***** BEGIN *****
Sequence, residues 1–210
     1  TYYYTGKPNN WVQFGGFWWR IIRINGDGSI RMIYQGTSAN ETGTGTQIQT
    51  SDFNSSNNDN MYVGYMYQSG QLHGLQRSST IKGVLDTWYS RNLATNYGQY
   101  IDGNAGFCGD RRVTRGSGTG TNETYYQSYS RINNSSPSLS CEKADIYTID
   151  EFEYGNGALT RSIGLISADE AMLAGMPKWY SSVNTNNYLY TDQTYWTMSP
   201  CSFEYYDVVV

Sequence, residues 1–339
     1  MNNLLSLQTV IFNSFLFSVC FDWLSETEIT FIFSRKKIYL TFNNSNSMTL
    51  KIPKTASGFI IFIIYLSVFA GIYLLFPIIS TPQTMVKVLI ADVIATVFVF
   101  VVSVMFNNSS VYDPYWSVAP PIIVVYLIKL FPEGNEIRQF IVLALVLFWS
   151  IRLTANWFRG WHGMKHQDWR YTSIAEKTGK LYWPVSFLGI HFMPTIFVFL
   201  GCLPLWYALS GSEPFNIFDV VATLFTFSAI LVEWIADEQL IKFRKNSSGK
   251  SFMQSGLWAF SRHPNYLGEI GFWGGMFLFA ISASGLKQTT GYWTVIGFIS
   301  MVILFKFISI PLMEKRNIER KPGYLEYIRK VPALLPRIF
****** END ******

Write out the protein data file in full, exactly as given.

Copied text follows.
Sequence, residues 1–210
     1  TYYYTGKPNN WVQFGGFWWR IIRINGDGSI RMIYQGTSAN ETGTGTQIQT
    51  SDFNSSNNDN MYVGYMYQSG QLHGLQRSST IKGVLDTWYS RNLATNYGQY
   101  IDGNAGFCGD RRVTRGSGTG TNETYYQSYS RINNSSPSLS CEKADIYTID
   151  EFEYGNGALT RSIGLISADE AMLAGMPKWY SSVNTNNYLY TDQTYWTMSP
   201  CSFEYYDVVV

Sequence, residues 1–339
     1  MNNLLSLQTV IFNSFLFSVC FDWLSETEIT FIFSRKKIYL TFNNSNSMTL
    51  KIPKTASGFI IFIIYLSVFA GIYLLFPIIS TPQTMVKVLI ADVIATVFVF
   101  VVSVMFNNSS VYDPYWSVAP PIIVVYLIKL FPEGNEIRQF IVLALVLFWS
   151  IRLTANWFRG WHGMKHQDWR YTSIAEKTGK LYWPVSFLGI HFMPTIFVFL
   201  GCLPLWYALS GSEPFNIFDV VATLFTFSAI LVEWIADEQL IKFRKNSSGK
   251  SFMQSGLWAF SRHPNYLGEI GFWGGMFLFA ISASGLKQTT GYWTVIGFIS
   301  MVILFKFISI PLMEKRNIER KPGYLEYIRK VPALLPRIF